This short chapter was written as a kind of intermezzo and should be read as such. A scholar dealing with the history of science stricto sensu might omit Xenophon or dismiss him in a single paragraph, but if we take general education into account (and we certainly wish to do so), we must give him a much larger place. Indeed, Xenophon not only tried to improve the education of his own time, he exerted a strong influence upon the education of later generations, much later ones, such as the Elizabethan or even our own. Moreover, he continued Thucydides and was one of the outstanding disciples of Socrates. A wonderful literary instrument had been perfected in his time — the Attic prose of the golden age — and Xenophon wielded it with consummate art.

Xenophon, son of Gryllos, an Athenian of the countryside, was born c. 430 and died in Corinth about the middle of the fourth century. Diogenes Laërtios said of him,¹²²³ “Xenophon was a remarkable man in many respects, notably his love of horses, hunting and the military art, he was a pious man who loved to offer sacrifices, was familiar with religious rites and was a faithful disciple of Socrates.” This brief description is excellent, and it is completed with anecdotes that help us to realize what a kind of man he was. For example, Diogenes tells us how Socrates and he came together. “It is said that Xenophon having come across Socrates in the street, the latter closed the way with his stick and asked him where one could buy the necessities of life. Xenophon gave him the information. ‘And to become an honest man,’ asked Socrates, ‘where should one go?’ Xenophon could not answer. ‘Follow me then,’ said Socrates, ‘and I will show you.’ ” Is not that a pretty story? It suggests that Socrates had enough perspicacity to recognize a good man when he saw one. The story impresses us the more deeply, because we cannot help remembering how Christ called Peter and Andrew, James and John, and how they obeyed his call and followed him.

Xenophon was a man of means who could indulge his taste for riding and hunting and may have been employed in the Athenian cavalry, but had no definite profession. He was thus free in 401 to join the army of Greek mercenaries that Cyros the Lesser was levying to march against his brother and sovereign, Artaxerxes. Cyros was defeated and killed at the battle of Cunaxa, and the Greek army had to find its way home as best it could. After the murder of the generals, Xenophon was elected leader and he succeeded in guiding the Ten Thousand to Trebizond. Early in 399 he handed over what remained of the Greek army to a Spartan general who was then stationed in Asia. It was at about that time that he was banished from his native city, and he deserved his banishment. He continued in the Spartan service and became a friendly admirer of Agesilaos (king of Sparta, 399–360), one of the best generals and noblest men of his nation. He fought under him against the Persians, came back with him to Greece, and was present (in the Spartan contingent) at the battle of Coroneia.¹²²⁴ In the meanwhile, Xenophon had married, and by 394 his sons were old enough to be educated in Sparta. Later, the Spartans gave him a large estate at Scillus, near Olympia, where he lived like a squire, managing his property, riding, hunting, and writing. Many of his books were composed during the twenty years of his life at Scillus. It was certainly there that he wrote the best–known of them, the Anabasis, between 379 and 371, when the vicissitudes of war caused him to lose his estate and forced him to begin a new life in Corinth. In 369, the Athenians made peace with Sparta and readmitted Xenophon to their fellowship; his sons served eventually in the Athenian cavalry.¹²²⁵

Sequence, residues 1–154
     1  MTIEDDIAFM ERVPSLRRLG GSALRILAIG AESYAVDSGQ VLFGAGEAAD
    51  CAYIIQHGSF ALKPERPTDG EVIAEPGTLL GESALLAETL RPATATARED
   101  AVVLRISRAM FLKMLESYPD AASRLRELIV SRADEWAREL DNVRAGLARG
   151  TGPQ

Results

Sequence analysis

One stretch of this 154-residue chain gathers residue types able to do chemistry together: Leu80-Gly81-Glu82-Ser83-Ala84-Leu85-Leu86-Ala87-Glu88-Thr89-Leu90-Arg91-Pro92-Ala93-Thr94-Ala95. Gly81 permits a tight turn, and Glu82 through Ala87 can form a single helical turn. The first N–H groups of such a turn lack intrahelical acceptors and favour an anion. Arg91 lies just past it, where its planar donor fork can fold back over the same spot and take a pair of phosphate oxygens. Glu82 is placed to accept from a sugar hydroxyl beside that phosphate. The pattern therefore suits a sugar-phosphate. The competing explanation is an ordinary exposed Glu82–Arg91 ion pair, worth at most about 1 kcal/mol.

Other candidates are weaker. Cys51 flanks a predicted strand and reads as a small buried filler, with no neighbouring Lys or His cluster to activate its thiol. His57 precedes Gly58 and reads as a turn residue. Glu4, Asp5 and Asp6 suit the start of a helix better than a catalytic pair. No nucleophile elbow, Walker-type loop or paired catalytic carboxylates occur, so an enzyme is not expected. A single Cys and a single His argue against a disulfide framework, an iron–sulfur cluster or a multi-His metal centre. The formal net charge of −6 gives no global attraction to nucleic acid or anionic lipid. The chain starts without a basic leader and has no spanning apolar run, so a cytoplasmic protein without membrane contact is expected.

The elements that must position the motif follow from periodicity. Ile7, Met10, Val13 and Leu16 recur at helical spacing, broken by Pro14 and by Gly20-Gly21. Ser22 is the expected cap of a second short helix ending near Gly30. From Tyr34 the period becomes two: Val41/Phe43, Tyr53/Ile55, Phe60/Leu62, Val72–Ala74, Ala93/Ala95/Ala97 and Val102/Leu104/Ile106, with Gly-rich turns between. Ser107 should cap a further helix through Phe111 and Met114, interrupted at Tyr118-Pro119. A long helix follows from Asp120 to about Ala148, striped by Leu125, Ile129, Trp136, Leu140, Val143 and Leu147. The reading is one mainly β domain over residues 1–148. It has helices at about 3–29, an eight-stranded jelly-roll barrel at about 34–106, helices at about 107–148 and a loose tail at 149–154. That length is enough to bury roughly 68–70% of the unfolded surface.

Fig. 86. There is no title page to the Greek princeps of Xenophon’s Opera (folio; Florence: Giunta, 1516), except this table of contents. The titles (but not the works themselves) are translated into Latin. [From the copy in the Harvard College Library.]

We have not given the whole of Xenophon’s military record, but it is clear that he had obtained considerable experience as a cavalry and military man, and that he had obtained it not only in the famous march of his youth from Cunaxa to the Black Sea, but also in the service of the enemies of his country. He was a great admirer of Spartan education and discipline, and shortly after Agesilaos’ death in 360 he wrote a eulogy of him.